Fascinating book, even though I disagreed with a large chunk of it. For starters, if Tipler's view of the eventual Resurrection is correct (that is, eFascinating book, even though I disagreed with a large chunk of it. For starters, if Tipler's view of the eventual Resurrection is correct (that is, every person who ever lived will be resurrected as a computer simulation in the Omega Point and then placed in a simulated environment where all "bad things" are removed), of what use is being a Christian, or making good moral choices? Tipler also appears to take some Biblical passages very literally (the star of Bethlehem is stressed as being an actual star, for example) yet disregarding others seemingly at random (such as the Fall occurring at some point in metazoan evolution and not as depicted in Genesis, or the feeding of the 5,000).
The thing that left me puzzled the most though was his explanation of Christ's resurrection as a result of electroweak quantum tunneling. If every copy of Jesus across the multiverse used this procedure, there either 1) wouldn't be enough energy to "borrow" and none of the copies of Christ would rise, or 2) only a finite number of Christs, hence an infinitely small percentage of all the total Christs across the multiverse, would have risen and the rest would have remained dead.
What is more, for someone whose theology is wholly dependent on the existence of the multiverse, Tipler's plane wave explanation is not effective on any level. I discovered Tipler through reading Deutsch's The Fabric of Reality, which does a much, much better job in that area. Also, Tipler's antagonistic tone is pretty grating through much of the book, not to mention unnecessary. I found it annoying that he mentions several times that scientists do not want to carry the laws of physics to their ultimate conclusion because they lead to God, when Tipler is (as far as I know) the only scientist who equates the Omega Point with God. He paints this as a conscious decision on the part of scientists, which I thought was unfair.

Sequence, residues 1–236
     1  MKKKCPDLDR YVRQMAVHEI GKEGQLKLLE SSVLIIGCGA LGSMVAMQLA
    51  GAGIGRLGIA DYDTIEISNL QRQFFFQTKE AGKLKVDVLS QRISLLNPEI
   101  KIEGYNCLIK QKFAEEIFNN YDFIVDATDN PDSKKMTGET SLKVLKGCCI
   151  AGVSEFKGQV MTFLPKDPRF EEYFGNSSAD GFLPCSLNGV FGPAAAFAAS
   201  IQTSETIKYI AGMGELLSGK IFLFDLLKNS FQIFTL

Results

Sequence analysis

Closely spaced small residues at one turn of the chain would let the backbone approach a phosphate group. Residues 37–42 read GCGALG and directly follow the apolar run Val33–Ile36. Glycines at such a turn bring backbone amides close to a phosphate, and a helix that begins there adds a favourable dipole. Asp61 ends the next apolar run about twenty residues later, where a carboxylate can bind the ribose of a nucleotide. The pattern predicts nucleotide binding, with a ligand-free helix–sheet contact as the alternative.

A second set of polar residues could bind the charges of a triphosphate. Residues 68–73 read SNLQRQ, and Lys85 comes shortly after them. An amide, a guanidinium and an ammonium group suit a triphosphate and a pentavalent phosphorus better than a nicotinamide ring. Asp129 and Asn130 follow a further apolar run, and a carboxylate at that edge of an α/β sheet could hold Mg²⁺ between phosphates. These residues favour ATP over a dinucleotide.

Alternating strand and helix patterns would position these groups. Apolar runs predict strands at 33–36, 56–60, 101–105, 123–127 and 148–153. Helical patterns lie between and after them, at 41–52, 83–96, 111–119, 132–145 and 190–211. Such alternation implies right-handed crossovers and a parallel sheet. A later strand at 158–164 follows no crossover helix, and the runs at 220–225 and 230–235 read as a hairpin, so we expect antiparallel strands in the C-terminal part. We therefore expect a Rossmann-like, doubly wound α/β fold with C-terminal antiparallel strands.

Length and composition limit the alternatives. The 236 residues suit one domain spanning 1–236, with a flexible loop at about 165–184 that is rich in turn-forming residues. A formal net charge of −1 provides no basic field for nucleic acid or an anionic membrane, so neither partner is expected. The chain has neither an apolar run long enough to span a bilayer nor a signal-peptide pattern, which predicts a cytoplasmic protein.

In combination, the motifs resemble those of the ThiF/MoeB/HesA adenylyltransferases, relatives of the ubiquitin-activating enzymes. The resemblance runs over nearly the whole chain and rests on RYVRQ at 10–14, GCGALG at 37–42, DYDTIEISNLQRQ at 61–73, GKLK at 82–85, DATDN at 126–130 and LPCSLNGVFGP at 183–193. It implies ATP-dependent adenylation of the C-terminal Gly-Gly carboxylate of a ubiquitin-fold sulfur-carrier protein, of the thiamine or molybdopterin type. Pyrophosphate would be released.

Having said all of that though, I thought the book was fascinating, thought-provoking, and above all refreshing to see someone try to apply science to their faith, and not the other way around. Tipler hasn't convinced me that his God is the traditional Judeo-Christian God, but the Omega Point does seem to fit most of the requirements--eternal, omnipresent, omniscient, triune, omnipotent, etc., along with explanations of miracles, prayer, and the existence of evil. For that I would recommend it to anyone who, like me, sees no conflict with science and faith, and is interested in refining exactly what they believe and why they believe it, even if they don't find anything in this book that they actually believe. It's never bad to question why you believe what you do, it's only bad to never question it....more